It was a good evening for a walk. Humidity had dropped, the sky was clear and a sunset awaited at the end of the lane. But first, I had some wrestling to do.
Earlier in the day, a good friend had offered me a clump of purple Japanese iris, with a start of Michigan holly as a bonus. How could I say no? So, before the walk, I dragged the iris and holly across the bridge to the edge of our pond. A sunny spot there would make for perfect viewing from my kitchen window. Garden spade in hand, I went to work on the iris. It wouldn’t take long, I figured, to untangle this mess, to divide and conquer the mass of tubers that held promise of beauty next spring.
Nothing is simple in the natural world, I’ve learned. By God’s design, these iris tubers were meant to cling together. I worked up a sweat stabbing and pulling at the clump of roots, bent on breaking them apart, bringing them under control so that I could have my way with them.
Finally, I set aside the spade and stood back. The clump wasn’t giving and all my hacking was just causing damage to the tubers. So, I knelt down, dusted away the mess I was making and began gently pulling at the tangles. Soon, with patience and dirt under my nails, I had spread them into a manageable cluster that I could lay in the soil alongside the pond. I pushed dirt over their shallow roots and scooped water to give them a good start.
As I sat, admiring my handiwork in the evening sunlight, I thought about some of the hacking, stabbing and pulling I’ve been doing lately in other areas of my life. A little wrestling, too.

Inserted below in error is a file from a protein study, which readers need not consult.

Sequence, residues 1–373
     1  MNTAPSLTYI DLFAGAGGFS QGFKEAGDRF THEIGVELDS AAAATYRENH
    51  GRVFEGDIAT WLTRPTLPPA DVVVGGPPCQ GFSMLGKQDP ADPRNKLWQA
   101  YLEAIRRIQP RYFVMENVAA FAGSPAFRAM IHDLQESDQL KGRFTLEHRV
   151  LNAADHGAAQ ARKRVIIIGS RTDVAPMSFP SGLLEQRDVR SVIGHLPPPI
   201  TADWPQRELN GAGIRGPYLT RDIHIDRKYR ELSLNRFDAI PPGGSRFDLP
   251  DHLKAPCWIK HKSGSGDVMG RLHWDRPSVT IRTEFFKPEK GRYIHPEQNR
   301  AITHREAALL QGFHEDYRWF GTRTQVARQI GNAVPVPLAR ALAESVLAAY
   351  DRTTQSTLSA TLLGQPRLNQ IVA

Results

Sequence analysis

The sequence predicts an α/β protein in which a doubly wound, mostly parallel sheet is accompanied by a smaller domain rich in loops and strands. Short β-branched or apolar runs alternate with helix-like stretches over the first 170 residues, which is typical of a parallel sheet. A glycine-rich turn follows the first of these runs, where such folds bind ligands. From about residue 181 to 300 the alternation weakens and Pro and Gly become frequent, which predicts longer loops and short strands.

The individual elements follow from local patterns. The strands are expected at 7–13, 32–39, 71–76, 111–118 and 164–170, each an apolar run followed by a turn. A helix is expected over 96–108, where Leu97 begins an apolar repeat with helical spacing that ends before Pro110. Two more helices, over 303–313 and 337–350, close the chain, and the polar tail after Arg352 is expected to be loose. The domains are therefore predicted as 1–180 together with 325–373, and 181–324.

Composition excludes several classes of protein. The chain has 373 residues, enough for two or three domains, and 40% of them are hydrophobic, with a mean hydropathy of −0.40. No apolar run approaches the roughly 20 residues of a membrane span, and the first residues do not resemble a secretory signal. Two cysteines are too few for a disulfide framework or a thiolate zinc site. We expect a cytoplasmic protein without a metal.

The tangles that families create as they cling together are challenging.
And busy lives can cause us to leave matters untended for too long. When we finally dig them up and examine them, we’re often brutal in our attempts to straighten out the mess…..to make sense of the clump we call “relationships”. There may still be beauty and promise, but sometimes what’s required is a bit of gentle, patient tearing away and dusting off for real growth to occur. And sometimes we have to get to work and get our hands dirty before we will see results.
My friend assured me that I couldn’t kill the iris, that it would take a lot of brutal hacking and still survive. I’m not so sure that’s the case with relationships. Unlike a tough tuber, our family roots can be fragile and easily wounded. After we cut away at the tangles of our personal lives, there’s still mending, watering and nurturing to be done for the relationship to not only survive, but flourish.
It takes time, sorting it out and making sense of the tangle. And it can be exhausting. But the rewards…….
My wrestling match with the iris left me wanting a little rest and peace, rather than the long hike I had planned. It turned out to be a good evening for a “float”, and for a little thinking, praying and sorting it out.